I get irritated at sporting events when the idiots run wild with the air horns. They are very disrupted with the loud noises and the only people who seem to like them are the rude people using them. However, I do have something similar each time I dive. I have a air powered horn attached between the low pressure hose and my BCD power inflator. It creates a seriously loud burst of sound when activated and only needs 100 psi (6.9 bars) left in my tank to be heard up to a mile away. I have used mine twice. The first time to warn off a jet skier that was headed to us at a high speed. The second was to get the attention of the boat crew when we surfaced away from the dive boat. Mine is designed for just surface use while there are models on the market that work both above and below the water.
My BCD right front pocket is the home of a small flashlight that I carry on every dive. It is useful to look into dark places. It is not very powerful but does provide enough light to see into small crevices and into a wreck from the outside for a short distance.
DSMB – Delayed Surface Marker Buoy
I used to always carry a surface marker buoy, however, I recently changed to a delayed surface marker buoy instead. They both provide similar function, making it easier for someone on the surface to see you. The SMB comes in two forms. They can be a float, often with a diver down flag, attached to a line that a diver carries. In a number of locations divers are required to have these on every dive, while other locations require them if not with dive boat carrying a diver down flag. The other version is a long tube often called a sausage. These are in bright colors and a diver inflates them at the surface holding one end underwater.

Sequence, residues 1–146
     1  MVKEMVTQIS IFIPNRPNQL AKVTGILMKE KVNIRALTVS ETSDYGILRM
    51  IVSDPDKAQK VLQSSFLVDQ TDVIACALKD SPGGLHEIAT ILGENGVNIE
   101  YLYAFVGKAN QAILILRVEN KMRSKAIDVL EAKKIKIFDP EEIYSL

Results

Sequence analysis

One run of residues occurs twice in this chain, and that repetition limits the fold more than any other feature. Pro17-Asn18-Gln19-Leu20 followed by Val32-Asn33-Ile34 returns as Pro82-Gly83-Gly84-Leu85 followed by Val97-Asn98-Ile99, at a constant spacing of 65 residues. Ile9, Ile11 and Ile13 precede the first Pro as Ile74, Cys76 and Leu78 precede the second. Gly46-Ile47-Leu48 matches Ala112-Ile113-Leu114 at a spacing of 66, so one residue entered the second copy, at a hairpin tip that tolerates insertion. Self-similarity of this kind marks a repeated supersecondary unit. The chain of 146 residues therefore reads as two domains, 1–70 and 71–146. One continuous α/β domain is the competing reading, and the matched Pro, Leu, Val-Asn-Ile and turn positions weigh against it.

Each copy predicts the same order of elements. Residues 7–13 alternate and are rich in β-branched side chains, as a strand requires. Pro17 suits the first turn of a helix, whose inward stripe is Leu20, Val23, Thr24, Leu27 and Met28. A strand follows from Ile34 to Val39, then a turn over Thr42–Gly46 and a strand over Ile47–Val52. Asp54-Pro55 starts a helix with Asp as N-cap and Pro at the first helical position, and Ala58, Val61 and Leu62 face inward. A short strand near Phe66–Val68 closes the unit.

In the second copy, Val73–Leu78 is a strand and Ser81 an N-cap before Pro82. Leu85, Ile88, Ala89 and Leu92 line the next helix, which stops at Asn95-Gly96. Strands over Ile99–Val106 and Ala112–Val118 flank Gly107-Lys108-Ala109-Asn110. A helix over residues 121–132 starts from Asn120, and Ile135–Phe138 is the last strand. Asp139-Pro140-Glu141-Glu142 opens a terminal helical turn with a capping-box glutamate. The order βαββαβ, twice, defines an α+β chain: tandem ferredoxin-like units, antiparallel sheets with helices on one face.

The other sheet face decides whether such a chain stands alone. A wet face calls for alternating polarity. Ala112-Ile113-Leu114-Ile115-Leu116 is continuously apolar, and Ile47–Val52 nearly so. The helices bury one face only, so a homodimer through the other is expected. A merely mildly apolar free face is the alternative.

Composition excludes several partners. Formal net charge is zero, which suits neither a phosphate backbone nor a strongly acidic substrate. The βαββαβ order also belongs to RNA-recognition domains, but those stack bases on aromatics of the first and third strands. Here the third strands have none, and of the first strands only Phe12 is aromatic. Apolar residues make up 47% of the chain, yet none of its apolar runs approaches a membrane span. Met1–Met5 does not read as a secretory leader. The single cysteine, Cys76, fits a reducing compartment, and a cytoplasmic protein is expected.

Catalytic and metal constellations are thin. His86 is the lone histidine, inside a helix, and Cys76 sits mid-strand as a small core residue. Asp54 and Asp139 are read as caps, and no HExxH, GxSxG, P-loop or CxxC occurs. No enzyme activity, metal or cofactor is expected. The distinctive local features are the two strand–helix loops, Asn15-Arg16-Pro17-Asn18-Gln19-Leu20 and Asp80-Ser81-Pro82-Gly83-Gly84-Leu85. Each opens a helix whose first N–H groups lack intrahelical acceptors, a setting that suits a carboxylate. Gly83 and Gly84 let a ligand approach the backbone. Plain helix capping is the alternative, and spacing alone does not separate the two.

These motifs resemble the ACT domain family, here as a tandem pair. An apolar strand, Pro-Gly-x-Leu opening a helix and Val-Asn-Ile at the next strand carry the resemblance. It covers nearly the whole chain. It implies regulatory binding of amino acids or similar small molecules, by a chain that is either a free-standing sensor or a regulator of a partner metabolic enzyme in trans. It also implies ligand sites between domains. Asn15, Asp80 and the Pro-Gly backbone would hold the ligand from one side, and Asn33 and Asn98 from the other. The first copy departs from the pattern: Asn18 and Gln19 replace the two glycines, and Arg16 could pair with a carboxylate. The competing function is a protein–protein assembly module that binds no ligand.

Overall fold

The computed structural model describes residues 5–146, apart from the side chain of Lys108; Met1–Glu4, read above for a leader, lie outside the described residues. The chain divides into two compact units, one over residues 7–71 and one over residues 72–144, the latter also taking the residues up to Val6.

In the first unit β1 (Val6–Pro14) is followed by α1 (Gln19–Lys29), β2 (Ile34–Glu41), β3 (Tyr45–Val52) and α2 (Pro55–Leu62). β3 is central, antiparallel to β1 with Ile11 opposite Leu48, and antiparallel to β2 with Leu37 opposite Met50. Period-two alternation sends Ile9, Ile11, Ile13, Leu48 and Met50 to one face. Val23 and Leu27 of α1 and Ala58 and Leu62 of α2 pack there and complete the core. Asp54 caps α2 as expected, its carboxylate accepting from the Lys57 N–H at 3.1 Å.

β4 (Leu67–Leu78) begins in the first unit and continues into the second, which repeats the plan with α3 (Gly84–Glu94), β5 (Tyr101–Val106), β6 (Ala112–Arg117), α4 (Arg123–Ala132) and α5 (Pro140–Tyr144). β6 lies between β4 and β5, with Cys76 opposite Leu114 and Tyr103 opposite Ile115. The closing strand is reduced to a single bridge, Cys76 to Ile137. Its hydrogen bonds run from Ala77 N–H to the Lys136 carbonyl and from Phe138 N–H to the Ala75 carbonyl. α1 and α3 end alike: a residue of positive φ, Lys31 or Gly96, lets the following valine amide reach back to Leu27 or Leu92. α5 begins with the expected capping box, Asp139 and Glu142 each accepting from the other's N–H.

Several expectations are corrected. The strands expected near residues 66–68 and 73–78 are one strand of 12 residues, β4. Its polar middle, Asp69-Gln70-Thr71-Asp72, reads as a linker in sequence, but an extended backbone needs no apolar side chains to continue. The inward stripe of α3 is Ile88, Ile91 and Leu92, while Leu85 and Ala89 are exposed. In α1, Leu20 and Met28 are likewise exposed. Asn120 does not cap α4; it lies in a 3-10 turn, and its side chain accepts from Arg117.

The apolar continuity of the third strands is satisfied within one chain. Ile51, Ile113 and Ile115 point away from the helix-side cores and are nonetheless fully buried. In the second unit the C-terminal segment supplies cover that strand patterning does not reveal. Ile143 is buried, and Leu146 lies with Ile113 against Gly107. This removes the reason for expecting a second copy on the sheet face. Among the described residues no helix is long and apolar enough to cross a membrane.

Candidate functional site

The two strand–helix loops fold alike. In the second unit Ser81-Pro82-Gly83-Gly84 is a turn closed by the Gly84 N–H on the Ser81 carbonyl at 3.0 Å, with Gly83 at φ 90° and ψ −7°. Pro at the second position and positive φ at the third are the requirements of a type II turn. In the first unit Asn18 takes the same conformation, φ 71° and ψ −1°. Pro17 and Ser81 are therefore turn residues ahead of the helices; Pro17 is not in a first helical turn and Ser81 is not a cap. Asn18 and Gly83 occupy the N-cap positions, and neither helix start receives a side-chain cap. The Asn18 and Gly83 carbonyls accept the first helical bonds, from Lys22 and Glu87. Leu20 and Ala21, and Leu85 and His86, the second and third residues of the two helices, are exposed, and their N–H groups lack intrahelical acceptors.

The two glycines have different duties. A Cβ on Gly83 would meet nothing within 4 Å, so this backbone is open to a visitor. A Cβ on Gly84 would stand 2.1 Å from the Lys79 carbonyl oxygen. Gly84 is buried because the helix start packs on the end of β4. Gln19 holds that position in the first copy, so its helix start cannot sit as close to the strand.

The Delayed Surface Marker Buoy is similar in design to the sausage style SMB. The difference is that they are designed to be inflated underwater and released to the surface with a line being held by the diver. Once a tool of an technical diver, they are becoming widely accepted by all recreational divers. The advantage of the DSMB over the SMB is that the diver can release it while at a safety stop to show where they are and signal their intention of surfacing. As they are visible before the diver reaches the surface there is additional time for the boat crew to react. This can be important in strong currents. It also alerts other boaters and personal water craft operators that you are in the water.
Other accessories may be needed or desired depending on the nature of the dive and dive site, however, I believe these items should be carried on all dives.